More and more companies are following the trend of bringing manufacturing back to the United States. Apple, Google, Lenovo, Catepillar, G.E., and many others are already on this bandwagon and more are following every day. Northern Nevada’s inexpensive land, readily available power, and location have already made us a great place for data centers. Will high-tech manufacturing come next?
Cities tend to grow near rivers or sea ports, intersections of railroads or highways–places of opportunity made possible by new technology, be it boats, trains, planes, or automobiles. The fertile soil that these cities grow in is trade, commerce, the opportunity to do business more quickly with more people. As our technology evolves, some new cities grow, some older cities adapt, and some are victims of a kind of technological changing of the guard, dying or dwindling when they’re outmoded.
It was 2008, and the housing market had crashed through the floor. The Raydon brothers saw an opportunity to make an impact in Reno through responsible real estate and urban infill. “When the Marmot Companies first started, there was no shortage of vacant, distressed, abandoned, abused homes here in Reno,” says Gary Raydon. “That’s where we started.”
The Reno Technology Park has been a constant source of news since before construction began. It’s being treated as a harbinger of Reno’s bright tech future–and rightly so. With tech giants like NJVC and Apple moving into the park, Northern Nevada is seeing a huge amount of activity in the tech sphere. Steve Rosa, the chief developer in charge of the Reno Technology Park, told the Reno Gazette Journal‘s Jason Hidalgo, “Right now, we’re talking to a number of other data center companies. This Apple project alone represents millions of dollars of investment in the community, as well as a large number of construction jobs.”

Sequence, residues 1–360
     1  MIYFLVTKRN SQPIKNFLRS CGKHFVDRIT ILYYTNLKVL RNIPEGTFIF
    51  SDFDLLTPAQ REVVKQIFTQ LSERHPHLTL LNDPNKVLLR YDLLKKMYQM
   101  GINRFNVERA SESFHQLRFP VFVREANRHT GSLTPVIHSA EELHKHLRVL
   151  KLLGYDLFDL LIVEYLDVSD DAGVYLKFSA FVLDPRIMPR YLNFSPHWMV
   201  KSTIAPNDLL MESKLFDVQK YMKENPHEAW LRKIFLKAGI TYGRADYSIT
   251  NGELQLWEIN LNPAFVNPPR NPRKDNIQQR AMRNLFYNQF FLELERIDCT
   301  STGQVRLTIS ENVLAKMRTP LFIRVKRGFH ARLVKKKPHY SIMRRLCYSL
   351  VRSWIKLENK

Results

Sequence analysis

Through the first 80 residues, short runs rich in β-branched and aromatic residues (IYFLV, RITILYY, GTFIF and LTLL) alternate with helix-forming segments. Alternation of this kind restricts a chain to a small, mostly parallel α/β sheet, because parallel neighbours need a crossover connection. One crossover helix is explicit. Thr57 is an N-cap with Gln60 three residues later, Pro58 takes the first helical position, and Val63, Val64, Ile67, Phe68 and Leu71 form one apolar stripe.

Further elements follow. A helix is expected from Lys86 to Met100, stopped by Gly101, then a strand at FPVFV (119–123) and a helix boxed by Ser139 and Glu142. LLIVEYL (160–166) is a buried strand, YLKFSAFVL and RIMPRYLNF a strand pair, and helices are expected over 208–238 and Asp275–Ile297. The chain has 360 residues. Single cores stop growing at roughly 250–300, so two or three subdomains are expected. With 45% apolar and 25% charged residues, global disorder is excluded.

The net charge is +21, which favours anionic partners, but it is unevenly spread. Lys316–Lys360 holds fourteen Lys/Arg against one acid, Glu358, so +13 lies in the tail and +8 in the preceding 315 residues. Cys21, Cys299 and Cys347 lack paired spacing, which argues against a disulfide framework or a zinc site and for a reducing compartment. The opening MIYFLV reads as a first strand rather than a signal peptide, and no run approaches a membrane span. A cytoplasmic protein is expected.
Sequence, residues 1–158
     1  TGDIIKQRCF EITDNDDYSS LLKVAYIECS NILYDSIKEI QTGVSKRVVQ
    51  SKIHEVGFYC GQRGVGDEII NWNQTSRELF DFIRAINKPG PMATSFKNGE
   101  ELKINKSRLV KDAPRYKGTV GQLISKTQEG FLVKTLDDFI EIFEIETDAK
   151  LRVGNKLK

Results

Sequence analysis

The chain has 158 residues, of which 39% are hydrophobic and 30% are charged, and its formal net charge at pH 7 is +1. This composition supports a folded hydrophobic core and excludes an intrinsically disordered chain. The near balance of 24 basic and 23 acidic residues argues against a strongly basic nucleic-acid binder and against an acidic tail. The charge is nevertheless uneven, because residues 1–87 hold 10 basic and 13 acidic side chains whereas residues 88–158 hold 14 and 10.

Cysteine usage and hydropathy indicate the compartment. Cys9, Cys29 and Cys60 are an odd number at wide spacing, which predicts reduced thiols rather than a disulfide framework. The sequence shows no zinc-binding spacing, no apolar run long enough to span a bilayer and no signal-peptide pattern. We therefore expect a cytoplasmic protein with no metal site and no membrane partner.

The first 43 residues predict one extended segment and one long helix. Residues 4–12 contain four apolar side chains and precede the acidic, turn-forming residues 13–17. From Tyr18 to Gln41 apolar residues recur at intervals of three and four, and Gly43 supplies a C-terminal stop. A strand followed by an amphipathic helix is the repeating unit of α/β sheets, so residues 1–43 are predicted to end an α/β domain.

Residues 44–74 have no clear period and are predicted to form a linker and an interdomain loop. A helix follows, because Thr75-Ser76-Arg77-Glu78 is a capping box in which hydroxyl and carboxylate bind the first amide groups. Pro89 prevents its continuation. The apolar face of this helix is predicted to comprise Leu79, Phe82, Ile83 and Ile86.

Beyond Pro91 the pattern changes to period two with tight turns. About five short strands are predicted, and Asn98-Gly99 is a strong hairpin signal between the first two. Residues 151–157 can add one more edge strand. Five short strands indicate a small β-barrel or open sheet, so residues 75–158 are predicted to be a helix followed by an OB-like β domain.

For the second time in the city’s history, an area of Reno has been recognized for its rich history by being named a conservation area. According to KTVN, “The Wells Avenue area was chosen for the distinction because of its historical significance to the city. The district is marked by Holcomb Avenue to the west, Locust Street to the east, Ryland Avenue to the north and Vassar Street to the south.”
The Nevada Center for Entrepreneurship and Technology (NCET) and Reno Gazette Journal have announced the 2013 winners of their Entrepreneur of the Year Awards–and we Marmots are proud to be among the chosen few. The awards dinner will take place tomorrow night, February 21st, when we’ll be presented the award for the Small Company category.
It’s a brand new year, and for many out there, it’s time for a whole new look at living a healthy lifestyle. Whether you resolved to exercise more, eat well, drink less, be less stressed, or just generally live better, Reno is a prime spot to do it.
Once upon a few months ago, it was known as the “Cat Pee House” for reasons we don’t need to go into. Today, it’s stands as a testament to the RENOvative power of the Marmots. Here are a few shots from the before and after to give you an idea of the transformation this awesome house went through. Photos thanks to Rick Chapman, who did a photo essay on the before (available here), and thanks to Albert Lewis (check out his other work here) and REreno for the after shots.
Once business starts booming, the brilliant and ambitious minds behind start-ups have some money to spare, but until then, it’s a bumpy fiscal road. Big cities offer entrepreneurs lots of local opportunity–and a high cost of living. Being an ascetic business person is as well and good if you like artsy, one-room micro-lofts and reusing ramen broth after rationing the noodles, but if you’d rather be living it up while starting up a business, you need to make those funds stretch a bit further.
Reno is a great place to live, no two ways about it. We’ve got world-class outdoor destinations within driving distance, like Tahoe, the Sierras, Yosemite, and of course, the Black Rock Desert, home of Burning Man. In Midtown, new bars, restaurants, and shops are cropping up all the time. Our restaurants are receiving national recognition; our baseball team had a great year; and we just made the list of America’s 50 best cities. We love this place for good reason–and more and more businesses are starting to as well. The Biggest Little City’s economic future looks bright, but this time, it’s not because of all the neon. We’re geek farming.